Break out your green – Saint Patrick’s Day (March 17) is fast approaching! This traditionally religious holiday has in its emigration to America largely morphed into a secularized celebration of all things Irish – further punctuated by President Obama’s 2011 proclamation designating the month of March as Irish-American Heritage Month. Check out some of these resources available from the Georgia State University Library that explore Saint Patrick and the holiday, Irish music, and Irish-American identity.
- (1685). The Delightful history of the life & death of that renowned & famous St. Patrick, champion of Ireland: Containing his heroick actions, and valorous atchievments in Europe, Asia, and Affrick : with other remarkable passages, from his cradle to his grave. London: Printed for Dorman Newman ….
- Thompson, E. A. (1999). Who was Saint Patrick? Rochester, NY: Boydell Press.
- Nagle, J. (2005). “Everybody is Irish on St. Paddy’s”: Ambivalence and alterity at London’s St. Patrick’s Day 2002. Identities : Global Studies in Culture and Power, 12(4), 563-583
- Moss, K. (1995). St. Patrick’s Day celebrations and the formation of Irish-American identity, 1845-1875. Journal of Social History, 29(1), 125.
- Moloney, D. (2009). Who’s Irish? Ethnic Identity and Recent Trends in Irish American History. Journal of American Ethnic History, 28(4), 100-109.
- Hout, M., & Goldstein, J. R. (1994). How 4.5 million Irish immigrants became 40 million Irish Americans: Demographic and subjective aspects of the ethnic composition of white Americans. American Sociological Review, 59(1), 64-82.
- Films Media Group. (1997). Catholicism and Celtic Folklore [1:51 minutes]. Segment from In Search of History: The Celts. From Films On Demand database.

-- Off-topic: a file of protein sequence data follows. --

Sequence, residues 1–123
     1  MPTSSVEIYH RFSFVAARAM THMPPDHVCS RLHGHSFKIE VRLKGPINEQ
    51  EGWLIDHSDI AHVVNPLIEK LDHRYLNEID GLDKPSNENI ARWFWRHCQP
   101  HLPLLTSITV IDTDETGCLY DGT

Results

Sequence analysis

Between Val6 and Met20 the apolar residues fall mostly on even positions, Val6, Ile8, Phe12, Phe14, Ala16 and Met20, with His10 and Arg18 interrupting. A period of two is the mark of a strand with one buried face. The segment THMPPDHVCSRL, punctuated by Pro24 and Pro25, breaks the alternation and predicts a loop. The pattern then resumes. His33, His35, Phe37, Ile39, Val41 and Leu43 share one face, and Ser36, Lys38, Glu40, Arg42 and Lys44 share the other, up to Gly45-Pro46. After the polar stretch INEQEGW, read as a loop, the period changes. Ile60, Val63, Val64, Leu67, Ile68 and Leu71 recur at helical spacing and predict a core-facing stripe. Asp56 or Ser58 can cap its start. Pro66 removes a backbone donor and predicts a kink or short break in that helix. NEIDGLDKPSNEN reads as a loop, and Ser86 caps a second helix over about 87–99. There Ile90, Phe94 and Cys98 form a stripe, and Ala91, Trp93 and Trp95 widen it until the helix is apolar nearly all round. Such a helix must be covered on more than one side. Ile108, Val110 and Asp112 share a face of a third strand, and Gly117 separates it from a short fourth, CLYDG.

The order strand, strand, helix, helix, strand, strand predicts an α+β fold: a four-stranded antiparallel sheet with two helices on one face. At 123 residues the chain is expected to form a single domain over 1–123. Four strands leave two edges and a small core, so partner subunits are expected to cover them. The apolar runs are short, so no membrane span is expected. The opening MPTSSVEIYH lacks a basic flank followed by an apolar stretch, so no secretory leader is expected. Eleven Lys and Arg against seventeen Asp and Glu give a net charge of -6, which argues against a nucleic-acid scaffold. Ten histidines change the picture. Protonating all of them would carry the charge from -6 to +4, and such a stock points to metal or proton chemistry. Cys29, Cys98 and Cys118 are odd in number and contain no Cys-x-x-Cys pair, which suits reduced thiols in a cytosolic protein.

- Films Media Group. (1997). A&E Special: Irish In America [90 minutes]. From Films On Demand database.
Music – for Listening and Playing
- (1991). An Ireland of treasures. Hollywood, Calif.: EMI.
- (1999). The rough guide to Irish folk. London, England: World Music Network.
- Healy, J. N., Scully, L., & O’Donoghue, R. (1993). Ballads from the pubs of Ireland. Cork: Mercier Press.
- Petrie, G., & Stanford, C. V. (2003). Petrie’s complete Irish music: 1,582 traditional melodies. Mineola, NY: Dover.
- Gleeson, D. T. (2001). The Irish in the South, 1815-1877. Chapel Hill: University of North Carolina Press.
- Quinlan, K. (2005). Strange kin: Ireland and the American South. Baton Rouge: Louisiana State University Press.
- Negra, D. (2006). The Irish in us: Irishness, performativity, and popular culture. Durham: Duke University Press.
Children’s and Teen Books
- Barth, E., & Arndt, U. (1977). Shamrocks, harps, and shillelaghs: The story of the St. Patrick’s Day symbols. New York: Seabury Press.
- MacGill-Callahan, S., & Hillenbrand, W. (1999). The last snake in Ireland: A story about St. Patrick. New York: Holiday House.
- Dunlop, E. (1996). Tales of St. Patrick. New York: Holiday House.
And don’t forget about the Atlanta’s St. Patrick’s Day Parade this Saturday at Noon!